After New York City our family took an 8-day break from the Featherweight Workshops to tour our Nation's capitol and historical sights. The first place we visited was Philadelphia. It just so happened to be around the July 4th weekend, so there were several things we would not have ordinarily had the opportunity to see any other time of year. This also meant that there were considerable more crowds, so some of the most-desired historical sights were not available for us to see during our one-day visit in Philadelphia.
Home of the Constitutional Convention
We took a horse-drawn carriage tour around the historic district of the city.
All buildings in the historic district of Philadelphia must be made of stone or brick to coincide with the originally constructed buildings. The colonial style is so pretty and it was surreal to think that some of these homes were original to the founding fathers of our nation.
Former home of James Madison
Because of the Independence Day celebration there were quite a few happenings going on around the city. We were able to watch a reenactment of the Delaware Regiment in front of Independence Hall. We also enjoyed seeing several in costume, demonstrating dress, sewing, honing, survival, etc. during the time of the Revolutionary War. Our forefathers were incredibly sophisticated and fastidious about detail in their apparel - and all skilled by hand!
Her clothes... his clothes ... were all made by hand, including the woven cloth.
Sewing a button by hand.... sure made me appreciate my Singer Buttonholer Attachment all the more! No wonder it was such a high-dollar item back when it was invented.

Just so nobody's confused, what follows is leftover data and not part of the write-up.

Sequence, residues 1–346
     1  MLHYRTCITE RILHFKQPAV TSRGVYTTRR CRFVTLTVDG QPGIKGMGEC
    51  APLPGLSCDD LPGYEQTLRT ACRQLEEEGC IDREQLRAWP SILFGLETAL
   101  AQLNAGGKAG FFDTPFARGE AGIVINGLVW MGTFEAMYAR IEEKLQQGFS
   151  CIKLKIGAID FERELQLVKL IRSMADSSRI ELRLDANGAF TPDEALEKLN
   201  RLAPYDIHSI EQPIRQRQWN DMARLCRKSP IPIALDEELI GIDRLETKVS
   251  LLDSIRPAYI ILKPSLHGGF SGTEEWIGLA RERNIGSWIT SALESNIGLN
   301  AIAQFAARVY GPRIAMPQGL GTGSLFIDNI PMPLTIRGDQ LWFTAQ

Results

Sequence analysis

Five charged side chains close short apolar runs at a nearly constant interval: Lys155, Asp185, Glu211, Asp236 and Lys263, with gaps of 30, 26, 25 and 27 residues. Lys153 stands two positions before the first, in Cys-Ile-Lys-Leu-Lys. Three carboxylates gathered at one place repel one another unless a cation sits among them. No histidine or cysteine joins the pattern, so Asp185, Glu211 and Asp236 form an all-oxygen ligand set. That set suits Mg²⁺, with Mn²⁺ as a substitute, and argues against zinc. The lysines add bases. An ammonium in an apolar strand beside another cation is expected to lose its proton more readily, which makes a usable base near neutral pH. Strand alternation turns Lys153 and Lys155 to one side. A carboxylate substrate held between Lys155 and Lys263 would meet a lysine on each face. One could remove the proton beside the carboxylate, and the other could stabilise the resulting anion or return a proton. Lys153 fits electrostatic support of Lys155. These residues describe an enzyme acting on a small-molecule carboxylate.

Philadelphia was especially crowded on July 3rd - people were everywhere, gathering for the remembrance of our national holiday. However, the one place that, to us, was surprisingly quiet with only a handful of people in attendance was the cemetery, containing the headstones of several of our founding fathers and citizens instrumental during that same time period. It was surprising to us because the place was so rich with history, but most especially because it was a hands-on, up-close, personal experience! Some of the headstones were so old, that they were completely worn and weathered from the centuries of exposure. A few had been restored, but we could meander along the path, touching and reading several that still remain two and three-hundred years later. We thoroughly enjoyed the serenity and "original" connection with the past.
Benjamin Franklin's grave is right next to the rod-iron fence near the outer sidewalk along the cemetery. (Apparently, some have customarily tossed coins atop his marble gravestone.)
This photo was actually taken from an upper floor window in the US Mint across the street. While photos were not permitted in and of the Mint itself, we were still just so mesmerized by the beauty and history of the cemetery (and so surprised with as many tourists as there were in Philadelphia that day that so few people were enjoying this place) that we had to take this photo from up above.
James Wilson, a signer of the Declaration of Independence, Maker of the Constitution as well as a Justice of the U.S. Supreme Court had his grave moved to Christ Church (another amazing historical building).
and..... we couldn't resist this photo opportunity ......
Carmon is not a crook!